Happy Birthday to Me [Blu-ray]
Blu-ray ALL - United Kingdom - Powerhouse Films
Review written by and copyright: Samuel Scott (5th January 2017).
The Film

***This is an A/V and Extras review only. For reviews on the movie from various critics, we recommend visiting HERE.***

Six of the most bizarre murders you will ever see.

Popular high school senior Virginia Wainwright (Melissa Sue Anderson) survives a freak accident, but suffers from memory loss and traumatic blackouts. As she attempts to resume a normal life, something terrible is happening - her friends are being ruthlessly murdered one by one. But will she be the next victim or is she the killer?

Director J. Lee Thompson's classic shocker was made during the period before the horror genre drenched itself in irony and self-reflexivity, and instead revels in the effective staging of the terrifying set-pieces which drive it towards its climax.

Pray you're not invited.


Independent British distributor Powerhouse Films have released Canadian-American slasher movie "Happy Birthday to Me" on to Blu-ray for the first time in the United Kingdom using the original aspect ratio of 1.85:1. The transfer receives an AVC encode and is 1080p. It is Powerhouse's least convincing transfer to date, but still very good and with very few issues worth mentioning.

Unlike Powerhouse's previous releases, "Happy Birthday to Me" clearly comes from a slightly older source than the 2K and 4K remasters they have been using. This shouldn't cause the viewer much concern though, as it is still a great transfer for the genre and period. The print is pretty clean throughout with only the occasional speck noticeable against the dark skies. Colours look natural, especially skin tones, and apart from some very light crush in some of the darker elements of the shadows, there is great definition between various shades. The occasional splash of colour adds the required depth, particularly occasional greens of foliage and the blues and reds of clothing. The level of detail is consistently strong, most noticeably in facial close-ups, and internal scenes in both the pub and Virginia's house showcase a massively improved level of clarity in background details in comparison to previous releases on DVD (I have not viewed the US Blu-ray). Although I haven't viewed the Mill Creek US Blu-ray, I did read the thoughts of people on various forums and the only big concern I saw voiced on that release was the fact Mill Creek condensed two feature length films on to a single disc causing some compression issues. I saw no compression issues here on Powerhouse's disc to speak of. Considering the dark locations, there is surprisingly no issues with banding. I noticed no edge enhancement, no aliasing, no digital noise reduction, and no major damage. There is room for improvement in this transfer that could be achieved with a new 4K scan, but this is easily the best this film has ever looked on home media to my knowledge. Slasher fans will be very happy.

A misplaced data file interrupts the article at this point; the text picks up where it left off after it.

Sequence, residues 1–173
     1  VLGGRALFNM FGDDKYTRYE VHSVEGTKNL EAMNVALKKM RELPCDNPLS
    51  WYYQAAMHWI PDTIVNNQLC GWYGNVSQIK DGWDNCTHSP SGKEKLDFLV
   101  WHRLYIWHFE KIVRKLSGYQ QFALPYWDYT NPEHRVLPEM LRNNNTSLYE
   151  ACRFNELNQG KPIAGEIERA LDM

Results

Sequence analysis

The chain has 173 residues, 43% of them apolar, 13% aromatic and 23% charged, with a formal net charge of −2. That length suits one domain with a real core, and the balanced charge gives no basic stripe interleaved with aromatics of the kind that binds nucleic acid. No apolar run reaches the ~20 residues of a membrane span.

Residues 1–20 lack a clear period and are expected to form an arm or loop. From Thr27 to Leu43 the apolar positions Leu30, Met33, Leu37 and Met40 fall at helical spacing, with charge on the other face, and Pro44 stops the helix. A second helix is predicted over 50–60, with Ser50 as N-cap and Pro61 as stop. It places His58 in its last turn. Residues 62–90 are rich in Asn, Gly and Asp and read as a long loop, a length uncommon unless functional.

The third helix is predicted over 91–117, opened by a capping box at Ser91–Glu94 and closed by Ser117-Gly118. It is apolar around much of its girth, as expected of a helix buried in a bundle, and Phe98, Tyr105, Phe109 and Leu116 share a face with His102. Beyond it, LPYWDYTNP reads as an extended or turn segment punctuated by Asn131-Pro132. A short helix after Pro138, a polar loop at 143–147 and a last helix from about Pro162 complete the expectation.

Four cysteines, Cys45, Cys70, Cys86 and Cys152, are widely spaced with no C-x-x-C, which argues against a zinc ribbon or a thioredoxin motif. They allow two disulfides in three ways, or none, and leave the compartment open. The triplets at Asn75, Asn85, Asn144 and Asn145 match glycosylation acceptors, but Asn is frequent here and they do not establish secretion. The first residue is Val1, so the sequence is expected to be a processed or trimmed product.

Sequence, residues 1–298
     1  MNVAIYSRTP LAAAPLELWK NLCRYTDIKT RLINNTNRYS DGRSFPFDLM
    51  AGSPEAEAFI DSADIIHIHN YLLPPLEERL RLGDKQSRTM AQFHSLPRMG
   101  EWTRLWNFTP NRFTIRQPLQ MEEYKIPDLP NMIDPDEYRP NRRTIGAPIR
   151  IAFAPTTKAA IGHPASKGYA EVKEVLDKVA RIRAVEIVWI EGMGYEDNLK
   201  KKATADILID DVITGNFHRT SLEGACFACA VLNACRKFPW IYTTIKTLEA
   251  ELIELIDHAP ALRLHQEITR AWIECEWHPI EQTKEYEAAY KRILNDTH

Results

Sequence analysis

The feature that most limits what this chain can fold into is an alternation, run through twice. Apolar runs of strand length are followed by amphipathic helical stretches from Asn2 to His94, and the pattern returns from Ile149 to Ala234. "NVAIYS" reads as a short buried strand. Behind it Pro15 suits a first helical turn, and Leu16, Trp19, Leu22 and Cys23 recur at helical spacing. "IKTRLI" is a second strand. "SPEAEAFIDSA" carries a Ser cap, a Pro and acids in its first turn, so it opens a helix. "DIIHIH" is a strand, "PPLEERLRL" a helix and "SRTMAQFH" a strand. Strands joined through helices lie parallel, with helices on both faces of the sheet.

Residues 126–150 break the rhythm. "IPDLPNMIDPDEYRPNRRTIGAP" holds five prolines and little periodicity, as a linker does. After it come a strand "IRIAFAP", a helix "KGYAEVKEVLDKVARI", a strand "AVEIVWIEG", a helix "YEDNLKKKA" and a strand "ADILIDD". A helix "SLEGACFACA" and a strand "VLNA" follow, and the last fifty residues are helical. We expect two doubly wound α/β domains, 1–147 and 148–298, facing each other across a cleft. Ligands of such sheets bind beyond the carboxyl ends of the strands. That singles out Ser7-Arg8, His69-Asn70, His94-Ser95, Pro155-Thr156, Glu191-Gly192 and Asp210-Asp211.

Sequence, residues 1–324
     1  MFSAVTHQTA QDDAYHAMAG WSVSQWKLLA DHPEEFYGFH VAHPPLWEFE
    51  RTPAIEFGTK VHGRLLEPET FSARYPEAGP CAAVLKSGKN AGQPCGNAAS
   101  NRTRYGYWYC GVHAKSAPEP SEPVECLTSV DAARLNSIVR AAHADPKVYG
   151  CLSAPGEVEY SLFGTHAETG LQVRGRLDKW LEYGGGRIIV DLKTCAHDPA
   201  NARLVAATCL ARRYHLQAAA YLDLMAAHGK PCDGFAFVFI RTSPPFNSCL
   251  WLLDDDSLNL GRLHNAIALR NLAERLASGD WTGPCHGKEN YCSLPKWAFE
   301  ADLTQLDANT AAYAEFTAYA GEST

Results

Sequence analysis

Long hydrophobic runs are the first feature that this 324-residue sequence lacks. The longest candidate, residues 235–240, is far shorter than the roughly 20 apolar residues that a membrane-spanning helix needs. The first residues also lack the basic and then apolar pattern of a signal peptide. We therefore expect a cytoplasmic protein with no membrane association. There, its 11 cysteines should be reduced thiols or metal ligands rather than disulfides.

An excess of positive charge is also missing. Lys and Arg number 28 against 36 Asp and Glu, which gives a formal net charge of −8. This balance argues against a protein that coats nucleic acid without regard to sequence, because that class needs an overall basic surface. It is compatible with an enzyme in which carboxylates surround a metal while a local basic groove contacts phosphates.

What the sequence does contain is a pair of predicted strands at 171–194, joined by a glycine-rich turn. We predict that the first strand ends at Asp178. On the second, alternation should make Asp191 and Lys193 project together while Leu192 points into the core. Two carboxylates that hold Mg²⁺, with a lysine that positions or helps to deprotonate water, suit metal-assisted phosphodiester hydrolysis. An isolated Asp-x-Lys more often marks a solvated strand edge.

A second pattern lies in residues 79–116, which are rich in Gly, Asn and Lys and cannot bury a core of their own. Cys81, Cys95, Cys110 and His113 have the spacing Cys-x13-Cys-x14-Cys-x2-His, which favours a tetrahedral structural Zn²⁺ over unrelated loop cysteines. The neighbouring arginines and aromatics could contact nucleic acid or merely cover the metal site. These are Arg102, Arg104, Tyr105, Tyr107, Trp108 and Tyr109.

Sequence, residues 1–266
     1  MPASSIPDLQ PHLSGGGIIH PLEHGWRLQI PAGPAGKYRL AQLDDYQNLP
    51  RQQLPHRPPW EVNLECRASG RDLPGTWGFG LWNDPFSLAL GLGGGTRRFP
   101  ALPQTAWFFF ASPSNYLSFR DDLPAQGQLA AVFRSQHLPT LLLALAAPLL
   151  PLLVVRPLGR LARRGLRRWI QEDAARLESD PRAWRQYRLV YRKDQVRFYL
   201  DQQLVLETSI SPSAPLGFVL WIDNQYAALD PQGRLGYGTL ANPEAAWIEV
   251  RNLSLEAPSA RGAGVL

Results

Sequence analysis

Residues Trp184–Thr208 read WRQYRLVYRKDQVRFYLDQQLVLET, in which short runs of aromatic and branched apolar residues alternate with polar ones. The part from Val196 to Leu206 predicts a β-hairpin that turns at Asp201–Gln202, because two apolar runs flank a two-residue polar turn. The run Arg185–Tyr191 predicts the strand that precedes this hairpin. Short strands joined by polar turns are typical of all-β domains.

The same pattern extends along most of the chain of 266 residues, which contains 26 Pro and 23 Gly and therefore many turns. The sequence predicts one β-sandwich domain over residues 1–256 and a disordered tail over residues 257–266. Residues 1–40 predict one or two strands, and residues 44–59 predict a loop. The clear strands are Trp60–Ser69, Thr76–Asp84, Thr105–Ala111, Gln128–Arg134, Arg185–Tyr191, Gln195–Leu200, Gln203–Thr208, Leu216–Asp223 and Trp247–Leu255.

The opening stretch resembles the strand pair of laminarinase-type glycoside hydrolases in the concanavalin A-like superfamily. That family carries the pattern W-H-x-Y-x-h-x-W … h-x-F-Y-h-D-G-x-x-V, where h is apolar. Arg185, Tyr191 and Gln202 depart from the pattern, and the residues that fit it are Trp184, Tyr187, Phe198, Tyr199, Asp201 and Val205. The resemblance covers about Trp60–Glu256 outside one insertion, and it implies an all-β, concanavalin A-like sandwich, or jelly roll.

The feature is uncut and runs 110:47. The disc is region free.


Three audio options have been included:
- English DTS-HD Master Audio 5.1
- English LPCM 1.0
- English LPCM 1.0 (Alternative 2004 DVD soundtrack)

For my viewing, I opted for the original English LPCM 1.0 mono track which was exceptional and without issue. Dialogue was crystal clear throughout, volume levels were consistent, and despite the limitations, there were decent levels of depth (crowd at the football game, general chatter in the pub). I switched over the DTS-HD Master Audio 5.1 mix on a couple of occasions and that also sounded good and the need to make the surrounds OTT and enthusiastic have been avoided. Instead the surrounds make good use of the score, whilst everything else keeps true to the original intentions. As to be expected for a release licensed from a major studio (Sony), there are no issues with the audio as far as damage is concerned. There are no drop outs, scratches, or signs of background hiss. For a bit of fun, Powerhouse have also included the godawful disco style track that was present on the 2004 DVD. It's ridiculous, stupid, and a great addition to the disc. There is something here for purists and revisionists alike.

Optional subtitles have been included in English for the hard-of-hearing.


We start the extras with an audio commentary by The Hysteria Continues. In this commentary, Justin Kerswell, Joseph Henson, Erik Threlfall and Nathan Johnson delve not only into "Happy Birthday to Me", but into the slasher world in general. The lads clearly have a lot of love for this film (it was the first feature they covered in their now infamous podcast series) and throw out minutia right the way through that makes this an essential listen for any horror fan. Of course it would have been nice to get some involvement from someone who was in the film, but getting some self-confessed genre fans in on the action in the next best thing. Great stuff.

The rest of the extras are pretty self-explanatory:
Image Gallery
Theatrical Trailer (1:16)
US TV Spot #1 (1:01)
US TV Spot #2 (0:30)
US TV Spot #3 (0:30)
UK TV Spot (0:30)

The first pressing is limited to 5000 copies and includes a DVD copy as well as a superb 24-page booklet with extracts from the original press kit, advertising and promotion guide, and selected film reviews.


The slasher genre isn't for everyone, but this release must be on the "potential purchase" list of any discerning horror hound. It might not be as packed to the rafters with extras like previous Powerhouse releases, but at the time of writing it still has the best package to date by far.

The Film: B- Video: B+ Audio: A Extras: C Overall: B-


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